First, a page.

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12 Ways To Deal With Stubborn People And Convince Them To Listen

12 Ways To Deal With Stubborn People And Convince Them To Listen

If you have a stubborn person in your life, consider yourself lucky. Stubborn people can be annoying, stressful and drive you crazy. Your stubborn person could be the person who sits next to you at work or your own father. Once you learn how to work with him (not against him), you will be shocked to discover how strong, smart and clever you are.

1. Bring it on! Start a new attitude.

View a stubborn person as an opportunity to become a better version of yourself. You’ve heard, “You can’t change anyone else, you can only change yourself.” Well, here’s your chance. Change the way you view that challenging person.

2. Take a pause.

Resist the urge to engage in an argument. Impulse control is a character strength that will help you. Don’t give in to your defense impulse. Excuse yourself to go to the bathroom (where you can let out a scream, shake it off, and go back to the brick wall you have to face).

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3. Play word chess.

Strategically plan your conversations. The right move with the right words can result in a positive outcome instead of a fight. It’s up to you to say the right thing. Just do everything you can to avoid saying “No, you are wrong.” Present your opposing opinion with respect and dignity.

4. Get them to listen to what you have to say.

Sit down, don’t talk to your boyfriend if he’s in the bathroom while you’re sitting in bed. Take it to a table. Try to keep the conversation business-like. Listen to the volume and tone of your own voice. Remember: Talk face-to-face and heart-to-heart.

5. The right time…

Wait for the opportune moment to make your point. If you’re talking to a man, feed him first. If you’re talking to a female, before you talk, check out her mood stats. Is she stressed out and annoyed or smiley and calm? Ask yourself, is this the best time to present my case?

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6. Go slow.

This is a process. Learn to wait (discover how patient you can be). It takes time to open a closed mind.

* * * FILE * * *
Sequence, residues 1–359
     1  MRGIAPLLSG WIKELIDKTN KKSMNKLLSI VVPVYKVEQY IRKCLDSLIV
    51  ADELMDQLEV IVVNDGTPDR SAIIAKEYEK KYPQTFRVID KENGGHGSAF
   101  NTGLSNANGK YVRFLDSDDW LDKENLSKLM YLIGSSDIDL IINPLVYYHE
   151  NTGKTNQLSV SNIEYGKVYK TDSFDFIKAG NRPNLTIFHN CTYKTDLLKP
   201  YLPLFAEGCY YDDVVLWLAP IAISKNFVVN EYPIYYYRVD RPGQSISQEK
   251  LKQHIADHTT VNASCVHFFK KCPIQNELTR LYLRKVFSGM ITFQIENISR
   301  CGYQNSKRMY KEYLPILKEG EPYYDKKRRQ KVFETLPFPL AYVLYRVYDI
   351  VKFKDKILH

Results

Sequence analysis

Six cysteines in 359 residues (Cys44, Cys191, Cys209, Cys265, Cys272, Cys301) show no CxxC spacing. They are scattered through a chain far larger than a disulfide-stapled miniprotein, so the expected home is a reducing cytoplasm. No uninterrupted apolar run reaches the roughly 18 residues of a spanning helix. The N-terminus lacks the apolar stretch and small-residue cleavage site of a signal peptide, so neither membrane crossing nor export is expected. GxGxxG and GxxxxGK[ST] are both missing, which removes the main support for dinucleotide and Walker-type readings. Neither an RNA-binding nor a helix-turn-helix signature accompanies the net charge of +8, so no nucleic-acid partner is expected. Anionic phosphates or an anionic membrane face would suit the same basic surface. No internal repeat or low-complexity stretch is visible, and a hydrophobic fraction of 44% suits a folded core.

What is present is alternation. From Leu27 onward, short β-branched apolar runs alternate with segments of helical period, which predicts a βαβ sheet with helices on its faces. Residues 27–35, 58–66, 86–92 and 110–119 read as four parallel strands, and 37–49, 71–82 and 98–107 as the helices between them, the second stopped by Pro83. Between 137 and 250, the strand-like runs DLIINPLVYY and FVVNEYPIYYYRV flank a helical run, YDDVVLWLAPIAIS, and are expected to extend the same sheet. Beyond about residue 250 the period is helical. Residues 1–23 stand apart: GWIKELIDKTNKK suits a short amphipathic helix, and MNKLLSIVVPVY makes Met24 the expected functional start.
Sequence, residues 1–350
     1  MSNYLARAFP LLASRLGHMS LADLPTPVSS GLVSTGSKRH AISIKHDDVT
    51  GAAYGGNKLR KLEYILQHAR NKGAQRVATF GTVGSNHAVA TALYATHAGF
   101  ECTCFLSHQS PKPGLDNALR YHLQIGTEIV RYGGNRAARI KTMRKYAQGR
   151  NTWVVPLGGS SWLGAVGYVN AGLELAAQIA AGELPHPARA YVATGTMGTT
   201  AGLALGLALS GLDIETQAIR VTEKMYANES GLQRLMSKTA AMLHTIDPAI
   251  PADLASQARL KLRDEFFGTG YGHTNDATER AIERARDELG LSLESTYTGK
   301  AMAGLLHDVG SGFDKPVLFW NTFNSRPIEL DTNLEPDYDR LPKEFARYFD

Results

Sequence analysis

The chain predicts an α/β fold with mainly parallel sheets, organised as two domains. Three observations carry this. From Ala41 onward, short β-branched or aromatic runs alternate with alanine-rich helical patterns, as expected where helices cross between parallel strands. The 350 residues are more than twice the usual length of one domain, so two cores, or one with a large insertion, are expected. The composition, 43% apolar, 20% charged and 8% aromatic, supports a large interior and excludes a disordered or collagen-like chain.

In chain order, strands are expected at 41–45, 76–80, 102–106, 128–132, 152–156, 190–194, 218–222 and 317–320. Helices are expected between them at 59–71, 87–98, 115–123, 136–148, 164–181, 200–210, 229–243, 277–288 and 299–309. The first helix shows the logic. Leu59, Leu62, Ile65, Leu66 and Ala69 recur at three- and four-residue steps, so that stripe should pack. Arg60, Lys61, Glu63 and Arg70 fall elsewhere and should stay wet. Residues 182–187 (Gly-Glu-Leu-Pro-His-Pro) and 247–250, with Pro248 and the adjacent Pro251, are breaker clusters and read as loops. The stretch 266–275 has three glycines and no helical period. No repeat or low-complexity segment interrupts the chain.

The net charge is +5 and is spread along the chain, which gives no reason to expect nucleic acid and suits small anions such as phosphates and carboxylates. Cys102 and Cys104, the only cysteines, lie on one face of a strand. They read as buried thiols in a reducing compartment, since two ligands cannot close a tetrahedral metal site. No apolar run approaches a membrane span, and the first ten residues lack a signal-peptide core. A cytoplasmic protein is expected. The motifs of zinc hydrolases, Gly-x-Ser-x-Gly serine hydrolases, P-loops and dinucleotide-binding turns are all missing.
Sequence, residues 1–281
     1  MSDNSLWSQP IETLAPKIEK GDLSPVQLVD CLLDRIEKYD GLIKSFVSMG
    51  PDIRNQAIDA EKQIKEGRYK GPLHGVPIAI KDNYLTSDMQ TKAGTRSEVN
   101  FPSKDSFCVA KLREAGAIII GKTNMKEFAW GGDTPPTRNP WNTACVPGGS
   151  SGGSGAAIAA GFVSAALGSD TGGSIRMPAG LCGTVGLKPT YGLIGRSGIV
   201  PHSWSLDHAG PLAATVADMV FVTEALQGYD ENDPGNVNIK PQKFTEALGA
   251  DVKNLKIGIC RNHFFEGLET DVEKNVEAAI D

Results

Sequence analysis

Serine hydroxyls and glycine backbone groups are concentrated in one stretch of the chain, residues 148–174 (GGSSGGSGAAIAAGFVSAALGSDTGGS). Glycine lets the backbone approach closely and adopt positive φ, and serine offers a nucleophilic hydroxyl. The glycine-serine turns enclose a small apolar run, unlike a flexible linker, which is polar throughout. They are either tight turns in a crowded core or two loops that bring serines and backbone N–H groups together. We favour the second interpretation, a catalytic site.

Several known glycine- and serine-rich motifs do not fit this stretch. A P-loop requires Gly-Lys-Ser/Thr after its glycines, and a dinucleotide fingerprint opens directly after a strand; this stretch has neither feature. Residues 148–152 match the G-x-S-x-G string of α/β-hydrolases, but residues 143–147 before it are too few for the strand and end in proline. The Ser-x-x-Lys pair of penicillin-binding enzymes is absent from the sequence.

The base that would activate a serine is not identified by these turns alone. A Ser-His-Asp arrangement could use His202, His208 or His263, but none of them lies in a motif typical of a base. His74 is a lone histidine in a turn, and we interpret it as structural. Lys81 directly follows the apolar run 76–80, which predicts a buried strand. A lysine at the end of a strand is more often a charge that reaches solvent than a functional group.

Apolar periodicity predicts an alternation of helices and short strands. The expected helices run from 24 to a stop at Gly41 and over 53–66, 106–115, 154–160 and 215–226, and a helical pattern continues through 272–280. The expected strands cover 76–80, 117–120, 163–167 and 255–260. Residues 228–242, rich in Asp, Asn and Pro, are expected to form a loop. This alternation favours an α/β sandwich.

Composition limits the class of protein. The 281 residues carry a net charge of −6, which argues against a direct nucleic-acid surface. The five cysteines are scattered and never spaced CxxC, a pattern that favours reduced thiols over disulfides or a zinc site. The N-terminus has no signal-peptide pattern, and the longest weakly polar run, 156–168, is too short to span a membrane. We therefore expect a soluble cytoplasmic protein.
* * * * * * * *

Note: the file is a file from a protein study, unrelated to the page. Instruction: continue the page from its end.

7. Break it into segments.

A stubborn person suffers from temporary hearing loss. The only opinion he hears is his own. An opposing opinion should be delivered in small portions. Plant seeds, leave pebbles, break it down. Little segments are easier to digest.

8. Think about their point of view.

Practice compassion. It’s hard to be patient with a person who is pushing your back against the wall, but try to understand (without doing a full psychoanalysis) what she sees. If you have four brothers and enjoy seeing her, your only child girlfriend will not understand why you want to meet her for dinner once a week.

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9. Stubborn people are smart, good in business, and great decision makers.

Don’t rush to change him. Flip your thinking: Realize a brick wall attitude is a positive strength. Persistence is a good thing. Stubbornness is a close relative of perseverance; a trait needed for success. Think of how it benefits you.

10. Take the reigns.

Do not hook into his anti-everything, nay-saying attitude. See through it, identify it, acknowledge it (silently in your mind), and take control of how you handle the situation. Without putting him down, try to see his point of view and then respectfully (no head-butting allowed) show him his opinion is important, then gently ask him to respect your opposing opinion.

11. Breathe deeply.

Dealing with a stubborn person can be exhausting. It feels like you are walking on eggshells, whenever you take a step, you can hear the crackling under your feet. Whatever you say is never the right thing to say.

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12. Enjoy the new you!

Once you master these skills, you are the king (or queen) of the conversation. You are now calmer, smarter and stronger than you were before. Sounds like a lot of work but when you practice these tips, it will become natural. Look at it this way: Some of the greatest contributors to society are of strong mind and will. Where would we be without the stubbornness of Steve Jobs, Jeff Bezos and Bill Gates? Stubbornness is the drive to push through the challenges, (as long as you’re not one of them).